Originally published in The Weekly Packet, December 19, 2013
Students learn what it takes to create a new fishery
MMA hosts Eastern Maine Skippers Program
“It’s a pretty important group,” DMR regulations and information officer Kevin Rousseau, above, said of the students involved in the Eastern Maine Skippers Program. On December 9 at Maine Maritime Academy, students attended a day-long workshop on starting an alternative fishery.
by Anne Berleant
“Could you start a winter trap-based fishery for flounder?” asked Deer Isle-Stonington Principal Todd West. “The great thing about that question is that no one knows the answer.”
Students from Deer Isle-Stonington High School and George Stevens Academy took some serious steps toward designing such a fishery on December 9 at Maine Maritime Academy, with help from expert sources.
Students worked with researcher Carla Gunther from Penobscot East Resource Center (PERC), the Maine Department of Marine Resources and science teachers to begin the process of starting a fishery from scratch: learning the habits and habitats of winter flounder, designing a trap, field testing and navigating the DMR to apply for a permit for what would be a new fishery.
“This is amazing,” said GSA’s Dean of Students Libby Rosemeier.
The students joined others from four area high schools, all who are part of the Eastern Maine Skippers Program (EMSP), which began in September.
“It’s a pretty important group,” DMR regulations and information officer Kevin Rousseau said of the students involved in the program. “Anything we can do as a department to help the next generation of fishermen.”
Rousseau said the DMR will walk students through drafting their application for a special license, before students travel to Augusta to apply in person to the DMR Advisory Council in January.
The winter flounder project initially came out of PERC, said Gunther. She worked with DMR staff to develop a curriculum and “the nuts and bolts” of the program.
“I think it’s a good idea for kids to get involved in the fishery business,” said GSA junior Mary Connolly. She attended the day-long event at MMA with an eye towards a future family fishing enterprise.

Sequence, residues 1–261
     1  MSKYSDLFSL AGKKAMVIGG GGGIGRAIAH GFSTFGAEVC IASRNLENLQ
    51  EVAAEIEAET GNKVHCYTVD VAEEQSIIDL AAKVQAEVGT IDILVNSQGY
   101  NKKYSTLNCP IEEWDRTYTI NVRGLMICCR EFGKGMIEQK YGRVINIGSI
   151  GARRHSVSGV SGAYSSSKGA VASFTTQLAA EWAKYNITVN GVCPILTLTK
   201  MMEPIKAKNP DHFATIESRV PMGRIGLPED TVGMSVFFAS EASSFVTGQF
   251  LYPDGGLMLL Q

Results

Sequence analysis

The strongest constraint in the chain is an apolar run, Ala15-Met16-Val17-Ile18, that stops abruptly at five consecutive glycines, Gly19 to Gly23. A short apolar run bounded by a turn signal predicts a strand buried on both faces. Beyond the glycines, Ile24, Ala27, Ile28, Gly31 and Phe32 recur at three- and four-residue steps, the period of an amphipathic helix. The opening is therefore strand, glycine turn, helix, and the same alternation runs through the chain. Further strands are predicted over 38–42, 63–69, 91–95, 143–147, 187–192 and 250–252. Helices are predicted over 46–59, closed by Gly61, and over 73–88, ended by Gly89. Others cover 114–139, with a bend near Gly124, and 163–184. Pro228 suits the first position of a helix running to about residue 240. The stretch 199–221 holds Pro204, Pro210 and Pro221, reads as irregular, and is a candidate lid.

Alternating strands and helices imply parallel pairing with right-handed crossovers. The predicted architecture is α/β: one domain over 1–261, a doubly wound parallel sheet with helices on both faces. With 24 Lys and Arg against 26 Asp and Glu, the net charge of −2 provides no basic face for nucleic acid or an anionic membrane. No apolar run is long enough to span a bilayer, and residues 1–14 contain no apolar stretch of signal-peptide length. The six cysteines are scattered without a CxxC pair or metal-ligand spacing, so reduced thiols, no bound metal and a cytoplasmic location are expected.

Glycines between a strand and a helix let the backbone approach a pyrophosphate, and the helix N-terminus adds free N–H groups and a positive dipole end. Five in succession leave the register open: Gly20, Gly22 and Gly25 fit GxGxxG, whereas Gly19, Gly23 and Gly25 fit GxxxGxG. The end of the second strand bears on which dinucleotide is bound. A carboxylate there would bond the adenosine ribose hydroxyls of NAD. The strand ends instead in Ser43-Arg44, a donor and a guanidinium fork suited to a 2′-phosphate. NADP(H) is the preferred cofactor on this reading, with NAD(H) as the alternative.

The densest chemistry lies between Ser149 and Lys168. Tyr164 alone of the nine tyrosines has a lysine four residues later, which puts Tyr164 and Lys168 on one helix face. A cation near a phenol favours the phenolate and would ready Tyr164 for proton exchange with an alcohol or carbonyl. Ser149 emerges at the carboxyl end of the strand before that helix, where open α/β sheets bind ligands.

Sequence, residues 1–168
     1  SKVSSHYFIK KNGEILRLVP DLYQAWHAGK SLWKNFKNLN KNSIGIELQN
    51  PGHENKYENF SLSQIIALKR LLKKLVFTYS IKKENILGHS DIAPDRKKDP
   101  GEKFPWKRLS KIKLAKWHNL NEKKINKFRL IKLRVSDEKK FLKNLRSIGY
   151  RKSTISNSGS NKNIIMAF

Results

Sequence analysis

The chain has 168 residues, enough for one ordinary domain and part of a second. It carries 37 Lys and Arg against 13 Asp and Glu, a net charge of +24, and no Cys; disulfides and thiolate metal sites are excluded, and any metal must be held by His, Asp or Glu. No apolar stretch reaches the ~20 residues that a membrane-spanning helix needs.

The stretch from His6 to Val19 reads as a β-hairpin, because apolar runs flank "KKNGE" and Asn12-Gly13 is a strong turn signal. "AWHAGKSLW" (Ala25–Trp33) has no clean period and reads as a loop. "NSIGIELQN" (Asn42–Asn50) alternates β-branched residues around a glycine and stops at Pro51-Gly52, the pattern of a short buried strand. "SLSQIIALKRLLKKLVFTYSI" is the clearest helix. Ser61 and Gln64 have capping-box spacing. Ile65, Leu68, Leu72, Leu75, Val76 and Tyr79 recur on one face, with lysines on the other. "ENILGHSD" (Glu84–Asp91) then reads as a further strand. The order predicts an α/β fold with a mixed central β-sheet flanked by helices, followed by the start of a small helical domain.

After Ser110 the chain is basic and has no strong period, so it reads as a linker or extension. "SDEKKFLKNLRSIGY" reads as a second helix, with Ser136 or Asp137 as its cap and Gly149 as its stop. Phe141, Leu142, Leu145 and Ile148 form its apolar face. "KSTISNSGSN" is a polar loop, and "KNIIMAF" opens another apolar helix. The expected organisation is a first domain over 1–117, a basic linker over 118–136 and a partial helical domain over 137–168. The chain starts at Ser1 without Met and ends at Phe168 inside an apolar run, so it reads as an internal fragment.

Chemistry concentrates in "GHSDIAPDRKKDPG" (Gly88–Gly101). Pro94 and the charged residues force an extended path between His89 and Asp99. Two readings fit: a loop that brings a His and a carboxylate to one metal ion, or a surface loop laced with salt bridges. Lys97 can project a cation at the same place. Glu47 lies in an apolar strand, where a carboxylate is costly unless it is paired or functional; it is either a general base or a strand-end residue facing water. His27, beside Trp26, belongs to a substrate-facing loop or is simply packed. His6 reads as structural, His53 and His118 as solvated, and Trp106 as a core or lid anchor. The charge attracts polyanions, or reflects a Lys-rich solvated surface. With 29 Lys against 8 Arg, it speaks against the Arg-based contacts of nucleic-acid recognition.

Lucas Eaton, a junior from Deer Isle-Stonington, plotted navigation lines on a map with fellow student Jared Gove. Both are enrolled in the Marine Pathways Program at DISHS and the EMSP. With plenty of fishing experience behind him, Eaton said he is waiting to learn from the program.
While Eaton rated the program low on a scale of one to 10, Rousseau wants future fishermen to not only fish, but to know and be involved with DMR rulemaking.
“The important part is to link how laws and regulations will affect them as they carry on in their careers as fishermen,” said Rousseau. “My job today is to make the laws and regulations interesting to the students.”
The EMSP can “impress on them the importance of being involved in DMR lawmaking and rulemaking and how important it is to be able to write and speak articulately to make your voice heard,” Rousseau continued.
West agreed. “We can’t come close to what kids’ fathers, grandfathers teach them about how to fish. But some of the other skills…to form adaptable fishermen who can take a seat at the table.”
The Eastern Maine Skippers Program aims to provide aspiring commercial fishermen in schools from North Haven to Eastport the skills needed to be successful fishermen in a time of rapid environmental and regulatory change, according to a press release.
A cohort of over 40 students from Vinalhaven, North Haven, Deer Isle-Stonington, Blue Hill, Ellsworth, MDI and Narraguagus remain in their schools and collaborate in the program via technology-based learning, and will come together throughout the year for programs—such as the flounder fishery program held at MMA.
“This is their year-long project,” said West.